With its 316 million active monthly users, Twitter sees an average of 58 million tweets a day. Topics range from sports to funny cat videos to, of course, politics. With the election coming up soon, politics will become an even more popular topic to discuss. But can your tweets actually show which political party you affiliate with, even if you don’t mention it?
Apparently, they can. From June 15 to June 30, 2014, researchers at Queen Mary University of London looked over tweets sent by followers of the Republican and Democratic Party Twitter accounts. After poring over more than a million tweets from 10,000 Twitter users, they found that liberals cursed more and used more individual words like “me,” while conservatives were more likely to talk about religion and use group words like “us.”
Once commonly used English words were removed, liberals were most likely to use the curse words “f---” and “sh--”; the researchers suggested their use of foul language was due to a need to emotionally express themselves. Liberals were also more likely than conservatives to express more positive emotions, as well as language associated with anxiety and feelings. Meanwhile, conservatives’ most commonly used words were associated with religion — God and psalm were two popular ones.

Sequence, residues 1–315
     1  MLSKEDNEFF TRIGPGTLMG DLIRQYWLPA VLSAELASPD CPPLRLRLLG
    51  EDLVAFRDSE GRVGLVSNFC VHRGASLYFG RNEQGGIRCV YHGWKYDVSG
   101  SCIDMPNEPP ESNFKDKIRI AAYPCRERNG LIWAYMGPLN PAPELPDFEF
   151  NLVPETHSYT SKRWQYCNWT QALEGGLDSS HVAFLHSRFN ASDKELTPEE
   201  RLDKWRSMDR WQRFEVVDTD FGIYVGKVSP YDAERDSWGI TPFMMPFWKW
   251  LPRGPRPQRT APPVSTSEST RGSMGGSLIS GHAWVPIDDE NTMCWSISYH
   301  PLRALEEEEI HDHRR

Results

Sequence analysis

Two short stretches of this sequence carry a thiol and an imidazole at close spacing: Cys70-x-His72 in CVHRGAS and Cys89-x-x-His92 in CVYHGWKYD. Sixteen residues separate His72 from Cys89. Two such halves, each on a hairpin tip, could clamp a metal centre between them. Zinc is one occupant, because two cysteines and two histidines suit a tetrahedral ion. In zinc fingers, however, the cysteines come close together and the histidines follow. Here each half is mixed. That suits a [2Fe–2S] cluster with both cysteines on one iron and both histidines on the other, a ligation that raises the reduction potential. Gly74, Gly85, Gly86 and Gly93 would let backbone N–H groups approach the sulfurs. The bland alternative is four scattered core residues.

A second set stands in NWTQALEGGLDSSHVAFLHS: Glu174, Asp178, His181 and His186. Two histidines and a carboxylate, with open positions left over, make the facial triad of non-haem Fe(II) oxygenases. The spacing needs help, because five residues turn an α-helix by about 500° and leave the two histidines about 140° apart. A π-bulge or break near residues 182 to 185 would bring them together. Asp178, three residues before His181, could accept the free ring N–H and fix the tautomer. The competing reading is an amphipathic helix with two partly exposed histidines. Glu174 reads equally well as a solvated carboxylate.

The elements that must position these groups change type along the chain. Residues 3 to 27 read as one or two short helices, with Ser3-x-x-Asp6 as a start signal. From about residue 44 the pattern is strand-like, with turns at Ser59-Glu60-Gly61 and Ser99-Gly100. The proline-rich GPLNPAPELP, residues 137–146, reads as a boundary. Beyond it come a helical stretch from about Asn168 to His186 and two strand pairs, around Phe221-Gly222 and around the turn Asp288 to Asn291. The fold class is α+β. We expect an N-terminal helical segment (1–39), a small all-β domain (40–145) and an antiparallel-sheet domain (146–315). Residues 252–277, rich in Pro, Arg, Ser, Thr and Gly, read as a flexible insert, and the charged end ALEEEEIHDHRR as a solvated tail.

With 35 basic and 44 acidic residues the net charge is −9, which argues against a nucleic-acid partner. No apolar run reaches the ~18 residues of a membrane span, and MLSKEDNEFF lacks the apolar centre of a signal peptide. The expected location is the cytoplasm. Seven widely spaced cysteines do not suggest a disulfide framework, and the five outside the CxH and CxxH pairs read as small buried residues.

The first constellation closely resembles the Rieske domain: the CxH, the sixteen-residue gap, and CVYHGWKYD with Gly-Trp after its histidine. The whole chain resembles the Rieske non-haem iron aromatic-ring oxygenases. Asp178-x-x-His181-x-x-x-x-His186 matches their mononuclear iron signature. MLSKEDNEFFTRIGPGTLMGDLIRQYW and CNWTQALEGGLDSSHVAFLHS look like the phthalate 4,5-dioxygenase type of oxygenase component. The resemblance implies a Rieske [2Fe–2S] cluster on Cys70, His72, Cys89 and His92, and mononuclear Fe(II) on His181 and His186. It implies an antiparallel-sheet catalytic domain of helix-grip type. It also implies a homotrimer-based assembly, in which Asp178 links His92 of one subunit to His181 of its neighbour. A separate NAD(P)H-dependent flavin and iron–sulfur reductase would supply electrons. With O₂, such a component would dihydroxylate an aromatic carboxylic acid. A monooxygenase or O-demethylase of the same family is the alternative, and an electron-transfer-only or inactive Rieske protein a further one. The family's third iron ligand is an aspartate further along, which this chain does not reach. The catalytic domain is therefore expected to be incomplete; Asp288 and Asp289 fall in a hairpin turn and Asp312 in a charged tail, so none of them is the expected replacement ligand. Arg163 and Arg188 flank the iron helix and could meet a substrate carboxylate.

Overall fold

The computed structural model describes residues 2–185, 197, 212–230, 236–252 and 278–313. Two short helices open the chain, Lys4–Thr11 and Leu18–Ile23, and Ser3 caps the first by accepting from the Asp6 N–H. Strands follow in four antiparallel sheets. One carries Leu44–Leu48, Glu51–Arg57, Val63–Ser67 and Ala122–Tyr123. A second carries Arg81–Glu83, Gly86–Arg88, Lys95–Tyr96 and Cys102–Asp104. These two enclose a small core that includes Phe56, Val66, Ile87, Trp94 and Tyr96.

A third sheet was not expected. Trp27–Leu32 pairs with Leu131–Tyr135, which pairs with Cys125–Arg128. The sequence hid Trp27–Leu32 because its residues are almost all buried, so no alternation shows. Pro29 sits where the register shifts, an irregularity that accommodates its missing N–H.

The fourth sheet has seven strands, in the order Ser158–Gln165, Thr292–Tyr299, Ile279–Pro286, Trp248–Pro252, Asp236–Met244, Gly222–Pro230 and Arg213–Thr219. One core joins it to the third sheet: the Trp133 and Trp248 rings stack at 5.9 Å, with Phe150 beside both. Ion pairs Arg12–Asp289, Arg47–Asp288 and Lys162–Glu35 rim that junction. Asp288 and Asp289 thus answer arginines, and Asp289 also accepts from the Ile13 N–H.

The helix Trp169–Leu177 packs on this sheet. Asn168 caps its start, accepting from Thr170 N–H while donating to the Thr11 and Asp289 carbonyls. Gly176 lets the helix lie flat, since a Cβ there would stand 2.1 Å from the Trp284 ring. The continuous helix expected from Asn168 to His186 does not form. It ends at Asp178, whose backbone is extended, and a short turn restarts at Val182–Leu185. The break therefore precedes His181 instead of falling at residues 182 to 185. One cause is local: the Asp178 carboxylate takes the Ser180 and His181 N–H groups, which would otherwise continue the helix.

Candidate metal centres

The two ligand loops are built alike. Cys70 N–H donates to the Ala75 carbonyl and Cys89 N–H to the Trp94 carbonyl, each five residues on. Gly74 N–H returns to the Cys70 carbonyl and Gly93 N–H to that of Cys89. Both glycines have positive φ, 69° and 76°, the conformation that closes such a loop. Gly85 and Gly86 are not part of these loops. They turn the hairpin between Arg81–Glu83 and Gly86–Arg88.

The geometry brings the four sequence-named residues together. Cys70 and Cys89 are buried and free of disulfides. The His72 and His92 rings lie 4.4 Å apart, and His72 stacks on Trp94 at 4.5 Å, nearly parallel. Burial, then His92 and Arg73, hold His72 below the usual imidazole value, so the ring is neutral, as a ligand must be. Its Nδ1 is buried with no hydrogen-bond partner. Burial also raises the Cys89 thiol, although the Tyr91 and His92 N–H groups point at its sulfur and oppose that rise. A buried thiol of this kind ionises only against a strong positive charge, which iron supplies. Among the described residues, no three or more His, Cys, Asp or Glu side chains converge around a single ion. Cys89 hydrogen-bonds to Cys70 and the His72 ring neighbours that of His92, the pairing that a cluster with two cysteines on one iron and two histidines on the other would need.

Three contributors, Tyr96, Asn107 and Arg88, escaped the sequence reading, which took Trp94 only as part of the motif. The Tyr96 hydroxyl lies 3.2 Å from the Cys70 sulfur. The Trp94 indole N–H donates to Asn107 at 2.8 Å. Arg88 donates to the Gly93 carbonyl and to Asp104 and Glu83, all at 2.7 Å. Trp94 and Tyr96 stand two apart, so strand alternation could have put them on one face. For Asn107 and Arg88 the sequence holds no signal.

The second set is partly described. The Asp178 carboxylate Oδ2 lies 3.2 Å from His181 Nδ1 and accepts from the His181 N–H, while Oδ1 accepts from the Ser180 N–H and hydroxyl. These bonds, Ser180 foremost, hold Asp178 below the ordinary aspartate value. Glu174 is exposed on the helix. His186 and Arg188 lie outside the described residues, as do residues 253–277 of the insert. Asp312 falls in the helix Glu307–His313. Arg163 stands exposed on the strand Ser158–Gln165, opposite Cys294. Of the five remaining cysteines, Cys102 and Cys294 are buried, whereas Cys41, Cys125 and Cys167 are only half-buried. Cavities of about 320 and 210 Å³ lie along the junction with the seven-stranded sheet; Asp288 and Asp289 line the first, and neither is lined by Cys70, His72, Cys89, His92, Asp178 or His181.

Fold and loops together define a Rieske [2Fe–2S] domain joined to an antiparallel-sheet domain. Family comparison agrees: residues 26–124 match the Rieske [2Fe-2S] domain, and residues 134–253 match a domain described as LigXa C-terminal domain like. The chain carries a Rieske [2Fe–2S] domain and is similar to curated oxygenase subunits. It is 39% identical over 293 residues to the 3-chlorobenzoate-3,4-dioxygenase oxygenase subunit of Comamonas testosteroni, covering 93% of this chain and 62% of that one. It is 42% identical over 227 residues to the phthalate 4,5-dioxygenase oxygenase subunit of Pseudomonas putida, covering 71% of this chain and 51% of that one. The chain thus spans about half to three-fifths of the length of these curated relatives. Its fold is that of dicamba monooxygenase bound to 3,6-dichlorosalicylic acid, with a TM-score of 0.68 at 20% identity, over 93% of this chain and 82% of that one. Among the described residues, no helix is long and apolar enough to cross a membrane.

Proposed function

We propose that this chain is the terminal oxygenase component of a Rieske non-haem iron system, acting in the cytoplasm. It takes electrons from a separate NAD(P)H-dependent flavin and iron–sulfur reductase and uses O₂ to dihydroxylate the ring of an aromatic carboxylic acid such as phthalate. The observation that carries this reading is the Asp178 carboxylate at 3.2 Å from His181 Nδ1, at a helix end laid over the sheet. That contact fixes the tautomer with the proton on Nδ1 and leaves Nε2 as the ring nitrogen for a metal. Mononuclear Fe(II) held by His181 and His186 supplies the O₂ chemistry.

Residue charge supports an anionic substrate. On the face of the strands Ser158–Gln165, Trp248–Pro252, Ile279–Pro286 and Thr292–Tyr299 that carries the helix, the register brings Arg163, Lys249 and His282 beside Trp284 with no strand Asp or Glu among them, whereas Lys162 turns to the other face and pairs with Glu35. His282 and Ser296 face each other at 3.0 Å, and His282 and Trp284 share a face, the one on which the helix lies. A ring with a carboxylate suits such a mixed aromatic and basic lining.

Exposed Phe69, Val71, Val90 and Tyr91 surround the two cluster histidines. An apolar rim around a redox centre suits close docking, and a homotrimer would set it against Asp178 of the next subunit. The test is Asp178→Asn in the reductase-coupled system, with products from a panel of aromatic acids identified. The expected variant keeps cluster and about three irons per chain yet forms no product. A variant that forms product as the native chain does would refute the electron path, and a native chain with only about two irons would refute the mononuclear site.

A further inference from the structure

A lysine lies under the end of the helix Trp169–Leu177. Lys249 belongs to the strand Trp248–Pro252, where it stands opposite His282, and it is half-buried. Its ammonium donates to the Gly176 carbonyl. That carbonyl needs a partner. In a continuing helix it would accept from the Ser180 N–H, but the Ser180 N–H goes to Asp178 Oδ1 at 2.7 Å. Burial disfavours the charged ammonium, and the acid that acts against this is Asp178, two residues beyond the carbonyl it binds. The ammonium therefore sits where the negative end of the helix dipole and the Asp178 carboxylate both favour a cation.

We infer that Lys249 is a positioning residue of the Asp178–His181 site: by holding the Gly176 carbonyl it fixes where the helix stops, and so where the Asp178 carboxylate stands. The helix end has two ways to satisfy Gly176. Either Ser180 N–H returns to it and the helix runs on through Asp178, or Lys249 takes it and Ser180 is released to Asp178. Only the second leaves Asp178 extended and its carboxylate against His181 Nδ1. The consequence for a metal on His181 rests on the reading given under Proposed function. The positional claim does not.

It’s no surprise there were clear dividing lines between what liberals and conservatives tweeted. Liberals focused more on international news and incidents; Kenya was mentioned frequently — 60 people there had been killed in violent attacks during the study — as well as Delhi, where an illegally constructed building collapsed and killed 10 people. When it came to mentions of President Obama, liberals weren’t the one’s talking about him. Rather, it was Republicans, who often tweeted about their opposition to him, as well as others like Harry Reid and Nancy Pelosi. Liberals, when tweeting about public figures, were more likely to tweet about Dick Cheney.
The information found in this study could help pollsters during the 2016 election and beyond, as the language of the tweeters allows for easier identification of people’s political leanings. "Open social media provides a huge amount of data for use in understanding offline behavior,” co-author Dr. Matthew Purver said in a press release. “This means we could use Twitter data in the future to better understand people's behavior and personality, while also using psychological research to understand more about Twitter users."
Source: Purver, M, et al. Twitter Language Use Reflects Psychological Differences between Democrats and Republicans. PLOS One . 2015.